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Marie Tempesta

Advocacy Advisor

Articles by Marie Tempesta

Burundi_Ngozi_60618_IPPF_Georgina Goodwin_Burundi_IPPF (1).jpg
09 December 2021

We are in it together – Universal Health Coverage in the Europe-Africa partnership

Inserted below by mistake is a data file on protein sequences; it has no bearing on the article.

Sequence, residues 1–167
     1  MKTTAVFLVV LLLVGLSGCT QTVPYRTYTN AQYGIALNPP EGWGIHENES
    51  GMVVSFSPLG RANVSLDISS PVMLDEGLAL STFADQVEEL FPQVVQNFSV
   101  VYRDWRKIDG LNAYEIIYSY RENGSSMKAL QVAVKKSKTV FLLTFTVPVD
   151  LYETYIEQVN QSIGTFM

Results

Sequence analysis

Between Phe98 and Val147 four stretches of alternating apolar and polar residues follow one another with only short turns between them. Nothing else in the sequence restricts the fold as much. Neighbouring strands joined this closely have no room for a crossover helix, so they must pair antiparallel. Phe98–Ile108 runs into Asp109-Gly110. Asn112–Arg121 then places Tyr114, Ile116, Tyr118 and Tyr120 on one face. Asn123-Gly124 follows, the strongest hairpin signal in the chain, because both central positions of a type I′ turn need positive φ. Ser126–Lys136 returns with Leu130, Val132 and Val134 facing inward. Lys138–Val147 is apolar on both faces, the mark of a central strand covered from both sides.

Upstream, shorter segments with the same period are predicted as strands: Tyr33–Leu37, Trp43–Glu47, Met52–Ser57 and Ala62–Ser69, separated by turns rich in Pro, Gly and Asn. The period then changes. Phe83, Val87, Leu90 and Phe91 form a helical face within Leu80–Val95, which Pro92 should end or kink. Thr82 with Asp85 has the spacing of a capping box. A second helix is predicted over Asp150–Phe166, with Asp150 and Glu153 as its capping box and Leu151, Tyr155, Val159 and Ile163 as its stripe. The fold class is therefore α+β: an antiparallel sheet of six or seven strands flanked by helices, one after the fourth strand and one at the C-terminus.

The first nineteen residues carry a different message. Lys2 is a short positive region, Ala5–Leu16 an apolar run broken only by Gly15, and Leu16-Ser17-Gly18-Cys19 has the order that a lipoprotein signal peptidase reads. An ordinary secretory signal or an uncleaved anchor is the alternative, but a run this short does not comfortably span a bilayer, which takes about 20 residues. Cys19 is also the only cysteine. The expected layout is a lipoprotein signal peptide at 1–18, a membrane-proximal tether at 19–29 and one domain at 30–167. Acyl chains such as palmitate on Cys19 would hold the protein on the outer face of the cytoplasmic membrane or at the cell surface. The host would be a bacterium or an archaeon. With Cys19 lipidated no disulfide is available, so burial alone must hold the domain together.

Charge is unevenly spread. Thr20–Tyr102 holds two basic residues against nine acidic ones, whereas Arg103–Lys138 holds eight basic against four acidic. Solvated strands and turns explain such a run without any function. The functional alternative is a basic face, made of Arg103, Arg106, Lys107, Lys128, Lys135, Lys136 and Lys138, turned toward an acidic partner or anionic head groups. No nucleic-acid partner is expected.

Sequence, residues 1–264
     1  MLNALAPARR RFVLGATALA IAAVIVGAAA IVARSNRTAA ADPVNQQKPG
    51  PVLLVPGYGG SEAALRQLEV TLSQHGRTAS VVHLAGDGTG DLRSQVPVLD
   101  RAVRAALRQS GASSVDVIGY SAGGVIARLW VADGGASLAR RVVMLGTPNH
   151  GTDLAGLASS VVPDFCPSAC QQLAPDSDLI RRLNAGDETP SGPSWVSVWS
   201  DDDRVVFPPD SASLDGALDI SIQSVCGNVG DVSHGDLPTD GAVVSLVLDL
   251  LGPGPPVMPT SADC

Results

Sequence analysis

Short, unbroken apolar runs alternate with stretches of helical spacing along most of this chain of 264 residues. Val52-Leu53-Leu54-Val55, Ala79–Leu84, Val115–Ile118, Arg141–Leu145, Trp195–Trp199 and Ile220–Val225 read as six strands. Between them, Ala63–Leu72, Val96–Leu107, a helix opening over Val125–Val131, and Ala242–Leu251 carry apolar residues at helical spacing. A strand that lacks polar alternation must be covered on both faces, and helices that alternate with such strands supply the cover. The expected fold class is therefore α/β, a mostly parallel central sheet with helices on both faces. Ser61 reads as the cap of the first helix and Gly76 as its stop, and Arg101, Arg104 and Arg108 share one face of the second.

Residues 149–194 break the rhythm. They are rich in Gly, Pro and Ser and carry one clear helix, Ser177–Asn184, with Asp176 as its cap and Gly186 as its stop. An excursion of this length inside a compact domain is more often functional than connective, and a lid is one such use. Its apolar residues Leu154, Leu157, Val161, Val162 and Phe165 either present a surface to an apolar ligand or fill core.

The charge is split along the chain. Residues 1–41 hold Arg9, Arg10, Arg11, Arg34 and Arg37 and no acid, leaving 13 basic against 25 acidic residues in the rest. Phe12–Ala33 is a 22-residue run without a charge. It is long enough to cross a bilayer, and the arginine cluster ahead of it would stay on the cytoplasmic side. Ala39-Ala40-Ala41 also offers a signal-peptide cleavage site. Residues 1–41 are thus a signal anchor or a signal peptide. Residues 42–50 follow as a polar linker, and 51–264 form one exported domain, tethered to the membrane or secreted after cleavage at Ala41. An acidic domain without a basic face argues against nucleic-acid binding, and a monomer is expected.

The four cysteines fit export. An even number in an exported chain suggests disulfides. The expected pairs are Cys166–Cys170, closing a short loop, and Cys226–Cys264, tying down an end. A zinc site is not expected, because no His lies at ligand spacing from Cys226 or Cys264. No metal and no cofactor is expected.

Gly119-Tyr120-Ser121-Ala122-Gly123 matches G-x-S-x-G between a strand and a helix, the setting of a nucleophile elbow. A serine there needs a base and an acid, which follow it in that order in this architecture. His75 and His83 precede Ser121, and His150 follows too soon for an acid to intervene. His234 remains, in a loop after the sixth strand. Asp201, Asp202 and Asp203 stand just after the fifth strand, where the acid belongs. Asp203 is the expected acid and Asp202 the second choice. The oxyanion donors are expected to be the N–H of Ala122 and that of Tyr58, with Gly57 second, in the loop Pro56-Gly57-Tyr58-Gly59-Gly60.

As December started, many of us in Europe were probably looking forward to celebrating Christmas with our loved ones, hoping this year would allow COVID-free celebrations, hugs and many people around the table. However, the arrival of the Omicron variant has us rethinking our plans. It must be clear in our heads, and those of our leaders, that we are in this together. No matter our differences, most of us want pretty similar things – to go through our lives in good health and to get quick, good, compassionate care if we are ever ill or injured; to see our families and friends and be able to hug our loved ones. The way new variants have circulated around the globe shows us one thing: no one will be safe, until everyone is safe. It shows that the solution lies in solidarity and not in closing borders. It shows that the solution lies in everyone having access to basic health services, including sexual and reproductive health services, and to vaccination. It simply shows that at least part of the solution lies in achieving a universal health coverage for all. Universal Health Coverage (UHC) means that all people can access the care they need without fearing they will go bankrupt when they do. And at the core of basic health services lay sexual and reproductive health and rights (SRHR). SRHR are an integral part of the right to the highest attainable standard of health, to gender equality and to health equity. If SRHR services, information and education are not integrated as key components of UHC, there will be no achievement of UHC nor the fulfilment of the right to health. Ahead of UHC day, we want to look forward to a healthy future. And in this context, an important opportunity must be seized in 2022: the Summit between the African Union (AU) and the European Union (EU), organised tentatively in February 2022 in Brussels. The two Unions have been discussing a renewed partnership for some time, but have so far missed the opportunity to truly focus on sustainable development. They, and their Member States, have a responsibility towards their people to ensure that no one is left behind and that gender equality and human development are at the core of the partnership between the two continents. And to do so, part of the response lies with moving towards universal health coverage. This is why, ahead of UHC day, civil society calls on the AU and the EU take the opportunity of the joint summit to: Develop jointly pathways to achieving universal health coverage, based on the principles of non-discrimination, informed choice, transparency and accountability. Health systems and services should be available, accessible, acceptable and of good quality. They should be gender-transformative and address gender-related barriers to health for all; Recognise SRHR as an indispensable and integral component of UHC, critical to the realisation of the right to health, sustainable development and a necessary precondition for gender equality and non-discrimination and ending poverty; Actively engage communities in achieving universal health coverage, as their participation is key to building health services that are responsive to the local needs of communities. In the framework of the summit, engage civil society organisations and communities and include their recommendations and demands in the outcomes of the summit; Allocate adequate funding for universal access to health services, including SRHR, that are equitable, accessible, affordable and needs-based, including in conflict and humanitarian settings, as well as for communities living in remote or rural areas. This should include funding for grassroot CSOs delivering SRHR services, as they are key actors to reach out to the most vulnerable and underserved communities, in all areas and contexts. Let’s not waste the opportunity ahead. We need solidarity and access for all to health services if we are to achieve sustainable development and gender equality, and to respond to the critical challenges we are facing, such as global pandemics or the climate crisis. All people, regardless of where we live or of how much money we have in our wallet, deserve to be able to make the best healthcare choices for ourselves and our families. UHC will enable us to do so.